How I shall miss the library quiet of people flipping through racks of music a few years from now when we're all downloading compressed lo-fi songs to our iPhones or whatever the hell we're talking on then. But that's another entry...
A mom has her four-year-old along while she picks up her new Death Cab for Cutie or whatever. He's running around putting CDs in his mouth, knocking over box sets that cost more than my car, somewhat normal rambunctious kid behavior. Her conversation with her son carries throughout the store: "Justin, you need to be next to me here now. You've shown me I can't trust you to be alone in the DVD section." "This is why mommy doesn't want you to have sweet snacks in the morning."
What stuck with me about this was not the kid's behavior or the mom's handling of it. It wasn't even that I couldn't possibly miss a single word of their interaction. Instead, it was the stagey quality of the mom's speech. This was not, it seemed to me, an unvarnished glimpse into a particular parent/child relationship. I seriously doubt this was the way this woman spoke to her child at home. This was theater. She was keenly aware of her audience, and in a way she was speaking to us more than to him. And maybe it stuck with me because it seems to me many (most) of us do this same thing, even the alt-rock parents cruising the CD stores.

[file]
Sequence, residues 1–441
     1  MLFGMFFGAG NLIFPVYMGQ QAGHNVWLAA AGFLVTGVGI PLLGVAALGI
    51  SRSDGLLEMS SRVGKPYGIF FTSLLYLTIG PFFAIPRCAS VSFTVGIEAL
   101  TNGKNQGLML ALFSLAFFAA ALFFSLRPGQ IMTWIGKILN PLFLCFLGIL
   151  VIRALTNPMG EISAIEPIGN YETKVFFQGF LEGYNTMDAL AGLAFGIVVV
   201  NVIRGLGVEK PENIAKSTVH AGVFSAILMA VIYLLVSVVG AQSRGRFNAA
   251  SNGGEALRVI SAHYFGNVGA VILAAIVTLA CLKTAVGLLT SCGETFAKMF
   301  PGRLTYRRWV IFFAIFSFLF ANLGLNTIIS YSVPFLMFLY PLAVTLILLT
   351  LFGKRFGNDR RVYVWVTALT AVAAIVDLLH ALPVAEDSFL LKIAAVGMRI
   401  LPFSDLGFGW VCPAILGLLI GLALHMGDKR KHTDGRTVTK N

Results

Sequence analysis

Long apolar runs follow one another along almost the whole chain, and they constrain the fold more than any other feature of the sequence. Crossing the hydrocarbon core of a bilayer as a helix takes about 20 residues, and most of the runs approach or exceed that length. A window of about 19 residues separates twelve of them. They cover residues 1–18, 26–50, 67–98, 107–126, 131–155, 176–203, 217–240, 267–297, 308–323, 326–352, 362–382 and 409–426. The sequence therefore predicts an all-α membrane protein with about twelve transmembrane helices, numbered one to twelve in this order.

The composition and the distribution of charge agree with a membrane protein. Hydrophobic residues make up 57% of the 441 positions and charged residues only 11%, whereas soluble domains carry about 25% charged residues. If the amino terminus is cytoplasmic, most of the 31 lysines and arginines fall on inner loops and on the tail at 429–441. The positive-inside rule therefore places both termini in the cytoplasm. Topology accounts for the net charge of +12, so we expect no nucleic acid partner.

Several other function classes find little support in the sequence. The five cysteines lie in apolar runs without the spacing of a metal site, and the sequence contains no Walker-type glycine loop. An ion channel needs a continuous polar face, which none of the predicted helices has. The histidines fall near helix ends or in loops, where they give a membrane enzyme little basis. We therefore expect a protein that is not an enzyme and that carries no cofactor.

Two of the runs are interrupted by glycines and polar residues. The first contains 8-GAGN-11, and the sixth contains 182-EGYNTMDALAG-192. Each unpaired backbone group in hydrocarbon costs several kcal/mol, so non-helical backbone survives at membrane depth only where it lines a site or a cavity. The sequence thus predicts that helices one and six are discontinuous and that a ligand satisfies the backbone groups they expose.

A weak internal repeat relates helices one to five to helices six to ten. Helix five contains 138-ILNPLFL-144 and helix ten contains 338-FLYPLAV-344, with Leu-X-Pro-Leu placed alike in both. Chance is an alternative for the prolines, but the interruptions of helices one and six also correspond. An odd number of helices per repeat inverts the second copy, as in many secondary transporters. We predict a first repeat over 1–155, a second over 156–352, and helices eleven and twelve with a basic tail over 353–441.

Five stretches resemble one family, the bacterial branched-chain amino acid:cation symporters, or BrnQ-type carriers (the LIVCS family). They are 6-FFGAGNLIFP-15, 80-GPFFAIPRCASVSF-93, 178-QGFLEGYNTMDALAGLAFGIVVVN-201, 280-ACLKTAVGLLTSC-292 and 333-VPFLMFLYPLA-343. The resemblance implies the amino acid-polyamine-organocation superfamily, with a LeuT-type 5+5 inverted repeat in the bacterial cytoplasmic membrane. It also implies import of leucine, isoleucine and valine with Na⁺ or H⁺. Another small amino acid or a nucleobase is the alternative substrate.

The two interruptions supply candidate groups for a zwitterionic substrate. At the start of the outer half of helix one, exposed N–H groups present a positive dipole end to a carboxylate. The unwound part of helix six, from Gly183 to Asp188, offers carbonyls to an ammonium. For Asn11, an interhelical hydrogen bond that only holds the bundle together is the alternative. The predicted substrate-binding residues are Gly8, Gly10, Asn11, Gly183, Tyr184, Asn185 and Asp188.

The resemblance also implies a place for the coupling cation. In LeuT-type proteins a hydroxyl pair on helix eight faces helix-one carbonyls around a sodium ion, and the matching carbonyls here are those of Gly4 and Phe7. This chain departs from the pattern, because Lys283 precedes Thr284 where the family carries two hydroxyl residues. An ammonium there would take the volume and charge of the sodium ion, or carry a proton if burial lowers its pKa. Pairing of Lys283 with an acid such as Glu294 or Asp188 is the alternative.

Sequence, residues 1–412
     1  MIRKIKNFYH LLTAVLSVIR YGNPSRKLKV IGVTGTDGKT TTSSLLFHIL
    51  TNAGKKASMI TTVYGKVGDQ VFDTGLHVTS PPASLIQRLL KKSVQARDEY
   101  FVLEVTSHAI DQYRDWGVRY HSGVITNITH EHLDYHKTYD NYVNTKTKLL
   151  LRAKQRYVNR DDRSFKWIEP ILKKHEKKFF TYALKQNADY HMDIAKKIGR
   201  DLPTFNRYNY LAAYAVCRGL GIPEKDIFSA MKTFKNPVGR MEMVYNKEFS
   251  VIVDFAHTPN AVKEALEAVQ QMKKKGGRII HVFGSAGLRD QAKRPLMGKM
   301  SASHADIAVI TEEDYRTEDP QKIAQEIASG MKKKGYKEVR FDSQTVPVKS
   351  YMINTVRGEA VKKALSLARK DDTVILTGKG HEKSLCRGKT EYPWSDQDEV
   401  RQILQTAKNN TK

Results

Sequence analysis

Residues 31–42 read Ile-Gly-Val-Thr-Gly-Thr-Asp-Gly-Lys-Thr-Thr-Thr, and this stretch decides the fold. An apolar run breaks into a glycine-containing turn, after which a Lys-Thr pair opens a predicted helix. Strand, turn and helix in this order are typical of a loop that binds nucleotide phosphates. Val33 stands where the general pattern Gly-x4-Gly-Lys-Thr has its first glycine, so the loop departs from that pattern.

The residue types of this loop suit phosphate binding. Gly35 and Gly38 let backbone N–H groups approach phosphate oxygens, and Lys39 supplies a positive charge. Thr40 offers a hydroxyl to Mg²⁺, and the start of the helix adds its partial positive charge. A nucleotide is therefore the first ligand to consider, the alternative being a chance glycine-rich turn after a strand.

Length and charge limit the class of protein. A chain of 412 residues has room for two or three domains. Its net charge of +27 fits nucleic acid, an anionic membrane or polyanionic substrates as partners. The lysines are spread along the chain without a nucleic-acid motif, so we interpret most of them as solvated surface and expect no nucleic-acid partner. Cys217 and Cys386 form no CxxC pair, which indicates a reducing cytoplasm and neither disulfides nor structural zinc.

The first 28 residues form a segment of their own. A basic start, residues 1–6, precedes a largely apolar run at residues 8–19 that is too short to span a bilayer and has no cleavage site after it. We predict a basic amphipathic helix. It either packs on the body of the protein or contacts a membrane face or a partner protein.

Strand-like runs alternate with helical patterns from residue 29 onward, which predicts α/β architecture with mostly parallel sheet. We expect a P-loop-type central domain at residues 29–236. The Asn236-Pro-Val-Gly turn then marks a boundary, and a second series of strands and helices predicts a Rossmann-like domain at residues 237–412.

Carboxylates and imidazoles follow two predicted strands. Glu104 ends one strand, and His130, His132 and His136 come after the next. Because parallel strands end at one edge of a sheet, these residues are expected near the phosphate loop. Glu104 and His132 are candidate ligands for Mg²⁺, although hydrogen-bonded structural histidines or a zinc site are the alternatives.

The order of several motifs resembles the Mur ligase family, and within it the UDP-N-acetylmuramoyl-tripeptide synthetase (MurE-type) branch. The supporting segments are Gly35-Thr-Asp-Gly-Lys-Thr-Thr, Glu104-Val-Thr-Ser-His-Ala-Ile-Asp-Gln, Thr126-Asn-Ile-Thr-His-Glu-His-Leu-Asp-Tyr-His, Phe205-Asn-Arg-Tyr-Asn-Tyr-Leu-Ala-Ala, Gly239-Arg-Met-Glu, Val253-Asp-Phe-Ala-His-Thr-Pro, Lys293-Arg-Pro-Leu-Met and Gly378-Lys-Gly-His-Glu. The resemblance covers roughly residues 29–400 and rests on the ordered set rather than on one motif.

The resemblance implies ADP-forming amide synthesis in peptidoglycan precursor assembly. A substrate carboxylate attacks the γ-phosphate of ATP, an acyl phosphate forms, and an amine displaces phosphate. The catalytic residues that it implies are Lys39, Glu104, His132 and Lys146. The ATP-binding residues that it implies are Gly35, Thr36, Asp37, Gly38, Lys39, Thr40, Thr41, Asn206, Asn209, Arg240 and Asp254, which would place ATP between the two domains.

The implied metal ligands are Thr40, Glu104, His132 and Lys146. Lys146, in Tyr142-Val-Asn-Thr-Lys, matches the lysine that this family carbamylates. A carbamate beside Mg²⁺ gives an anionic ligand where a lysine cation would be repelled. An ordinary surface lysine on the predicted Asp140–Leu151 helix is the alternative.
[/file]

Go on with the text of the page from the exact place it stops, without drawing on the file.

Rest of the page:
It makes me think of a certain kind of guy you see walking his dog on the street--and yes, it's always a guy. While you wait for the light at the crosswalk, he hisses commands at and gives strange hand signals to his animal in a way that's supposed to make him look in control, but always makes him look a bit desperate and sad.
In the way that women are sometimes said to dress for other women, are a few too many of our parenting choices--especially the ones that happen outside of our homes--made for other parents instead of our kids? If my kids were old enough to grasp the peculiar dynamics of the adult world, would they call me on this and say, "Hey, Dad, what happened to the slack-ass we know from home? Who's this show for?"